to setattr or def setProp()

Bruno Desthuilliers onurb at xiludom.gro
Tue Nov 14 11:12:01 CET 2006

jm.suresh at wrote:
> I have a class for rectangle and it has two points in its __slots__ .
> However, we can derive a number of properties like width, height,
> centerPoint etc from these two points. Now, I want to be able to set
> and get these properties directly from the instances. I can either def
> __setattr__ , __getattr__ 

But this won't help with introspection...

> or I can define function for each property
> like setWidth(), setHeight() . Which one would be faster?

You mean faster performances or faster to implement ?

> I would
> prefer doing through __setattr__, __getattr__ because it makes the code
> more readable.

You mean the client code ?

> However, speed is a concern I would have to do these operations in few
> thousand iterations for about 50-100 rectangles.

The canonical solution is to use either properties or custom
descriptors[1]. Custom descriptors should be a bit faster than
properties (since you save a couple function calls), but I have not done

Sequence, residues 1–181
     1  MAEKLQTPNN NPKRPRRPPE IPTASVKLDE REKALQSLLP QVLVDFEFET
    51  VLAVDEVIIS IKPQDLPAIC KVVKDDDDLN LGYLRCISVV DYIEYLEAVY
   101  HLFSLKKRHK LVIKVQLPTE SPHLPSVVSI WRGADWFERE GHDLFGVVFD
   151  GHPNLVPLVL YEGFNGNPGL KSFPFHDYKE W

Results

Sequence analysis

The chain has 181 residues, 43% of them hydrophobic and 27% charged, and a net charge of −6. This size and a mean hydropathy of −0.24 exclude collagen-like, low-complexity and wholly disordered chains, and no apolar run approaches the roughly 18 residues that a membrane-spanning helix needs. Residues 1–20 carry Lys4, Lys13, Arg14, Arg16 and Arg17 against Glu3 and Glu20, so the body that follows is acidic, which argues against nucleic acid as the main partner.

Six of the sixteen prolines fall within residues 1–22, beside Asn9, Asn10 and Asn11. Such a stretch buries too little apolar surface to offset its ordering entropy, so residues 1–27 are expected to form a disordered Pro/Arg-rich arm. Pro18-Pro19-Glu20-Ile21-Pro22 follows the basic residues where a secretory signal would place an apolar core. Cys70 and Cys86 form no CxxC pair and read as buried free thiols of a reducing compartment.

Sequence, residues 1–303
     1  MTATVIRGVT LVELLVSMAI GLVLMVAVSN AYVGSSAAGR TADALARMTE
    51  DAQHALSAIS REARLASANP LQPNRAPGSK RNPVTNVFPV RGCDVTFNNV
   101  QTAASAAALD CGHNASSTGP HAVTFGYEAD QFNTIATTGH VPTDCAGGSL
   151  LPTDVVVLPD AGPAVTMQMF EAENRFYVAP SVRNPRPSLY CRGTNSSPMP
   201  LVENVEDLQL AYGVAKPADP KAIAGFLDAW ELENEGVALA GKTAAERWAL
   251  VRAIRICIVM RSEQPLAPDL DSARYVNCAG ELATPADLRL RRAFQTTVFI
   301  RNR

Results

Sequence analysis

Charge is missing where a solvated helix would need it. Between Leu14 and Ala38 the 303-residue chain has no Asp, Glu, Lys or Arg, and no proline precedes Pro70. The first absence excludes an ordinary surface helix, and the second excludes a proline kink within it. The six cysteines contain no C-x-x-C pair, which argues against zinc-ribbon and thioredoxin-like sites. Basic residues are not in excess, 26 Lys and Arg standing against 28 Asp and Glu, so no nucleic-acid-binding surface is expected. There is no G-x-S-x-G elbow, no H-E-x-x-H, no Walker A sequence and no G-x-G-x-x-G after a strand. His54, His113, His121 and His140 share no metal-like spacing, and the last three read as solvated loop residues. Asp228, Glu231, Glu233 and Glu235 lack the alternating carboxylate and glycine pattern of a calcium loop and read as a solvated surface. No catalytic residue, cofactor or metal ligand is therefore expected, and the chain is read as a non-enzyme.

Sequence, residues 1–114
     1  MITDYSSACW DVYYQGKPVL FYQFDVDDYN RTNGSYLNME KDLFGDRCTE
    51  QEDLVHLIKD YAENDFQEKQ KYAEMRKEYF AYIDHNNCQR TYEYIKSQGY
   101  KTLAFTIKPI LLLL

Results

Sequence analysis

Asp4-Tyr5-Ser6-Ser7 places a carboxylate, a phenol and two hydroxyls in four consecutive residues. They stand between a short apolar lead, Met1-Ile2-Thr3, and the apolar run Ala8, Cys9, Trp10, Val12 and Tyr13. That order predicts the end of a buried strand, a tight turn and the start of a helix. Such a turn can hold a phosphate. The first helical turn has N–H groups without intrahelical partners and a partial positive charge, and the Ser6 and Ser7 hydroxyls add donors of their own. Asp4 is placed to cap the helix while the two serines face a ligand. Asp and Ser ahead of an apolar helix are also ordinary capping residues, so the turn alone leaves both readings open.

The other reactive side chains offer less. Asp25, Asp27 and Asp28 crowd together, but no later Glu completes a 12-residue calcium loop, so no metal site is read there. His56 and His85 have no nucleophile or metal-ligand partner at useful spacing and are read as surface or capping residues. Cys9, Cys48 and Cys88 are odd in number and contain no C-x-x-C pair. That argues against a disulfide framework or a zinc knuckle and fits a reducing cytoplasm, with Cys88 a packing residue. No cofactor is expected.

any benchmark... It should also be a bit faster than __getattr__, which
is only used as a fallback when all other lookup rules have failed (here
again, don't take me on words and do some benchmarking). As a last
point, descriptors show up as class and instance attributes, which helps
with introspection.

class Height(object):
  def __get__(self, instance, cls):
    if instance is None: return self
    return instance.bottomright.y - instance.topleft.y

 def __set__(self, instance, value):
    instance.bottomright.y = instance.topleft.y + value

class Width(object):
  def __get__(self, instance, cls):
    if instance is None: return self
    return instance.bottomright.x - instance.topleft.x

 def __set__(self, instance, value):
    instance.bottomright.x = instance.topleft.x + value

class Rectangle(object):
   def __init__(self):
     self.topleft = Point(10, 10)
     self.bottomright = Point(20, 30)

   height = Height()
   width = Width()

r = Rectangle()
r.with = 40

(not tested)

[1] :

My 2 cents...
bruno desthuilliers
python -c "print '@'.join(['.'.join([w[::-1] for w in p.split('.')]) for
p in 'onurb at xiludom.gro'.split('@')])"

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